South Africa loses US$300 billion through capital flight, over-invoicing and under-invoicing

An institute based at the University of Massachusetts has published a paper examining mechanisms, actors, enablers, and the institutional environment that facilitate capital flight from South Africa and the resulting accumulation of private wealth in offshore financial centres.

The paper published by the Political Economy Research Institute (PERI) estimates that from 1970 to 2017, South Africa lost over US$300 billion through capital flight, including through over-invoicing of imports and under-invoicing of exports.

Rampant under-invoicing

Net trade mis-invoicing amounted to US$146 billion over the 1998-2017 period alone according to the report, Capital Flight from South Africa: A Case Study.

It says export under-invoicing appears to be especially rampant in the case of mineral resources such as gold, silver, platinum and diamonds.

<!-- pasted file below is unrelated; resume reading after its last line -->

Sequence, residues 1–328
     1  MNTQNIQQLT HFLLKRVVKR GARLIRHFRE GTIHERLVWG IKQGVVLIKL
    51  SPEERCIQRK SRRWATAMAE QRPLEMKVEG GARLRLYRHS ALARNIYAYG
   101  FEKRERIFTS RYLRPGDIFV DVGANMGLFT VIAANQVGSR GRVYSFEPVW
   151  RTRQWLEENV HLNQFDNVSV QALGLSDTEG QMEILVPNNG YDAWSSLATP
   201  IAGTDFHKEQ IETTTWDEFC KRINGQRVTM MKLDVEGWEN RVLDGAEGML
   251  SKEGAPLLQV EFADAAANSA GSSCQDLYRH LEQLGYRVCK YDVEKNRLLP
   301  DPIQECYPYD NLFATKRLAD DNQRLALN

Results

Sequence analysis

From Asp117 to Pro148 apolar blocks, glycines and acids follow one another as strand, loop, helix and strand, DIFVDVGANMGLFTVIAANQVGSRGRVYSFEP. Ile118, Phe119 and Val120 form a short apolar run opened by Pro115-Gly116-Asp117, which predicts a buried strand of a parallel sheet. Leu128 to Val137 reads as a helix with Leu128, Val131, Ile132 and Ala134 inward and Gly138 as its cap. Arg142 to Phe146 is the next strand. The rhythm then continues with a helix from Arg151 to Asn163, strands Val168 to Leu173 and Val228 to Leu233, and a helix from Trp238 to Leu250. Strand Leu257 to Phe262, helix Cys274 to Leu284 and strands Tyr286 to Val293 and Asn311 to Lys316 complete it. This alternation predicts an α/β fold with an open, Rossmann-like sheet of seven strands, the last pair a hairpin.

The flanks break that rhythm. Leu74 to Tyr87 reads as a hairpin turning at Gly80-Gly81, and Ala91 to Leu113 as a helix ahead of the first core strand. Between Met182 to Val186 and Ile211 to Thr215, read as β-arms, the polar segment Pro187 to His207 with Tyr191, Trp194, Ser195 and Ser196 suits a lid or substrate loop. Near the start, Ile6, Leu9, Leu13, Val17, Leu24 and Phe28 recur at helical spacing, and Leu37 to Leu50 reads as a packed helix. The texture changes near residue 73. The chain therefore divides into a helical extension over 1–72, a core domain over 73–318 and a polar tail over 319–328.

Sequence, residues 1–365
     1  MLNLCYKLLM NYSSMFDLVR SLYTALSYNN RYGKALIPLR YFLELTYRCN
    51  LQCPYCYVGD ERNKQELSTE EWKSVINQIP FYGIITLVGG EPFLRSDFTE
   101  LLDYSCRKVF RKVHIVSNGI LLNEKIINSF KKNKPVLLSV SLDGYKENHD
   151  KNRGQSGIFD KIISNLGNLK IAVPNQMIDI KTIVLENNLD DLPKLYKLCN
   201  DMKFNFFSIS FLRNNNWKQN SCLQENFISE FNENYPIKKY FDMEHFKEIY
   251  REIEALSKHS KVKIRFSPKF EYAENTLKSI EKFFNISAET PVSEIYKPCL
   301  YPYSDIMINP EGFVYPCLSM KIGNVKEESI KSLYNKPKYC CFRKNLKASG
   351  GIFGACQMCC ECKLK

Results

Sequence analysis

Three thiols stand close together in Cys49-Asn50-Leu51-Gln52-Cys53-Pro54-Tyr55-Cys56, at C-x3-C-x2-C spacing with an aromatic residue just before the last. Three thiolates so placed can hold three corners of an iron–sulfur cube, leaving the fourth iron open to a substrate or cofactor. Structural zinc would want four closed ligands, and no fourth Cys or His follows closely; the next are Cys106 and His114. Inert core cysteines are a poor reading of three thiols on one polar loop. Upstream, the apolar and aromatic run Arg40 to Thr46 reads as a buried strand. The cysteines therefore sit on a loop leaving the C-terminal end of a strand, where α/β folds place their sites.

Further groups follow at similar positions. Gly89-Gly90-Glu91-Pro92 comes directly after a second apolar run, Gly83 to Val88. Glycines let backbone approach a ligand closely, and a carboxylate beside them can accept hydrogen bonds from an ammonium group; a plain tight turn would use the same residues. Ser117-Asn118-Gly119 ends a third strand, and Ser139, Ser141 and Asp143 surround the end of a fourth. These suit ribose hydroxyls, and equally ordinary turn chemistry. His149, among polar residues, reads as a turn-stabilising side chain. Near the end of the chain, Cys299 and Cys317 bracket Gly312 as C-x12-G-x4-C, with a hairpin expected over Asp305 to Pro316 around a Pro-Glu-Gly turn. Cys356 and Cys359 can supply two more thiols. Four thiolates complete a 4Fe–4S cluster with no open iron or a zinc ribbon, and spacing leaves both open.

On the increase

While capital flight is not a new phenomenon in South Africa, it has accelerated substantially over the past decades, a period marked by aggressive liberalisation of the national economy and rapid integration into the global economy says the report.

It goes on to say that capital flight should be a concern in a country such as South Africa that faces deep financing gaps, high multidimensional poverty, inequality and unemployment.

Private enablers

An important challenge faced by South Africa is the emerging phenomenon of state capture orchestrated by an intricate network of private ‘enablers’ with deep connections within the state and in the global economy says the report.

It concludes that the adverse effects of capital flight on economic development, state institutions and governance call for urgent attention to prevent even more devastating consequences for the country’s political and social instability.

The report, Capital Flight from South Africa: A Case Study, can be downloaded from here.

Categories: Trade Based Financial crimes News

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